Ingram writes that God has a "dream" for my child which is more wonderful and exciting than anything I could possibly imagine. My competitive side immediately thought - "hmm.... I have a pretty good imagination - God's dream for my children must be pretty amazing!"
Then Ingram humbles me again as a parent and writes that I am a steward of God's plan for my child. What!?! I don't even know what that plan is. And if this plan is more wonderful and exciting than I can possibly imagine, it must be a pretty tall order. I am often so overwhelmed at the task of parenthood. Can I do what I should? Can I not do what I should not?
Ingram says there are four keys for us to "cooperate" with God for my children:
1. Understand Their Primary Needs
Ingram writes that children's two primary emotional needs are significance and security. That whatever age a child is he is constantly asking me (in a myriad of ways) if I love him. Children are also (in many ways) constantly asking what the boundaries are. To parent effectively I need to constantly teach my children that I love them and what the limits are.
2. Recognize Their Primary Responsibility
Ingram writes that while my children are living under my roof, their primary duty is to learn to obey. He further notes that "healthy obedience" is submitting not exclusively out of fear, but out of love and trust. Just as I am to obey God, my children are to obey me.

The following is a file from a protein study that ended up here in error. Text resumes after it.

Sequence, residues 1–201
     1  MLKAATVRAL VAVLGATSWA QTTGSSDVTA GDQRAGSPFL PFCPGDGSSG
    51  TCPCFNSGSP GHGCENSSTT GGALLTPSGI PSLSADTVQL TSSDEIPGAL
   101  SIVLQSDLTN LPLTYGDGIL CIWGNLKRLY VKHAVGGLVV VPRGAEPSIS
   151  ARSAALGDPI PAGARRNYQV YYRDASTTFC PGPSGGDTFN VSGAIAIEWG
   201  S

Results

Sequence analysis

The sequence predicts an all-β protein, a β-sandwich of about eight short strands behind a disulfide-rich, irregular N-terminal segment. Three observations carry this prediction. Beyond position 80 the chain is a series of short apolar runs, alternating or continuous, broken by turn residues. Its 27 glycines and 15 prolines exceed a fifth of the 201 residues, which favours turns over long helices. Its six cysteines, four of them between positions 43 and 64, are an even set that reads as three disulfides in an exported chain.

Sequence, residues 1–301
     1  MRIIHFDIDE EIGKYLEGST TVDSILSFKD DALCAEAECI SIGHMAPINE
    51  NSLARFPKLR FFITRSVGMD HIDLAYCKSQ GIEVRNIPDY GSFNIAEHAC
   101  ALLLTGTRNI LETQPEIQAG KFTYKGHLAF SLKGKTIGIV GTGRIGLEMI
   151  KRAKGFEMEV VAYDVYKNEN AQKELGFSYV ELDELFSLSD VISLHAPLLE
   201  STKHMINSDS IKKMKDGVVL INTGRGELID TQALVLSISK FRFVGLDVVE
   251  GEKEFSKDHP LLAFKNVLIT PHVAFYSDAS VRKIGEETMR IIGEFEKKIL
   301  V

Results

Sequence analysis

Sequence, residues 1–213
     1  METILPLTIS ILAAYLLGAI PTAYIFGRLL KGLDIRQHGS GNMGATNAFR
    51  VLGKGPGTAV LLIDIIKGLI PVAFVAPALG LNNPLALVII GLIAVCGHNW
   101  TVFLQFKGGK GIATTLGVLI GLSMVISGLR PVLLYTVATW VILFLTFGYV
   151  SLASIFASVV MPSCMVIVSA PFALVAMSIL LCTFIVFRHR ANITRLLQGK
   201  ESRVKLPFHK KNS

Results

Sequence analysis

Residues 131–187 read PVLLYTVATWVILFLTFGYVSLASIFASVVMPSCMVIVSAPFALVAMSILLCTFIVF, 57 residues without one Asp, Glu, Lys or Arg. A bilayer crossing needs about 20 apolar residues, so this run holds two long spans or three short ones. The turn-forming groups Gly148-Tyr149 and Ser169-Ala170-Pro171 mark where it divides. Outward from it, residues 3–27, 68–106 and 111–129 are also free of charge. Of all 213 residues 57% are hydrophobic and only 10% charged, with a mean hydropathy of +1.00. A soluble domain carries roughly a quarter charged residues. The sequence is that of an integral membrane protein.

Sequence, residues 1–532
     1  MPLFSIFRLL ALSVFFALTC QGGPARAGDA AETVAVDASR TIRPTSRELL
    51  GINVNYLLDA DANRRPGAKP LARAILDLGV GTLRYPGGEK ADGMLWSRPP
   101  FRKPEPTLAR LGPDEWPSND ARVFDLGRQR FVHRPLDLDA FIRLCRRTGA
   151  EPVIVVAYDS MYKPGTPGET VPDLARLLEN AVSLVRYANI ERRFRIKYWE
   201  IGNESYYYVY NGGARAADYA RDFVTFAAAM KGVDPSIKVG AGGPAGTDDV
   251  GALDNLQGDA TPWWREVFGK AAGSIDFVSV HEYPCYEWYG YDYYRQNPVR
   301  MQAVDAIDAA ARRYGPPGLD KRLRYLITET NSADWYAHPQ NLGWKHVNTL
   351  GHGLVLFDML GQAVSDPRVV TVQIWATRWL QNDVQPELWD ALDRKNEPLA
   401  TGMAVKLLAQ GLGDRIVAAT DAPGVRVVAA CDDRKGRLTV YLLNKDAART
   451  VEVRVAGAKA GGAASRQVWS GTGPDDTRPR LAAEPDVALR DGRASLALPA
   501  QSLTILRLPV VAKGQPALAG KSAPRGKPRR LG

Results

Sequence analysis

Ingram writes that the only command children are given in the Bible is to "obey your parents" (Eph 6:1). To emphasize the importance of obedience, Ingram refers to John 14:21, "Whoever has my commands and obeys them, he is the one who loves me."
3. Obedience is a Process
Children will test their limits and need reminders that I am serious about my word. Just this afternoon my incredibly sweet, loving daughter Catherine (who is 2) pushed one of her friends while her mother and I were watching. Catherine has had a difficult time with sharing ever since her baby sister was born. Prior to Sabrina's arrival, Catherine didn't have to share her toys. Now that she has a sister and our friends have children, Catherine has to share. When her friend had a toy Catherine wanted, Catherine's response was to push her down. I know this is a normal reaction, but we cannot tolerate any violence perpetrated by our children. So, Catherine got an immediate time out (no counting 1, 2, 3 for certain offenses!). This is the third time in about 4 months that I have had to punish Catherine for pushing another child. Of course she gets a lecture from me too each time. I wonder why she continues to push this limit, but Ingram says it is natural for her to test me.
So how do I teach obedience? Ingram indicates that children have different stages of learning, depending on their age and ability. He reduces it to two principles: readiness and responsibility.
Readiness - teach children what they are mentally and emotionally capable of learning.
Responsibility - never do for your children what they can do for themselves.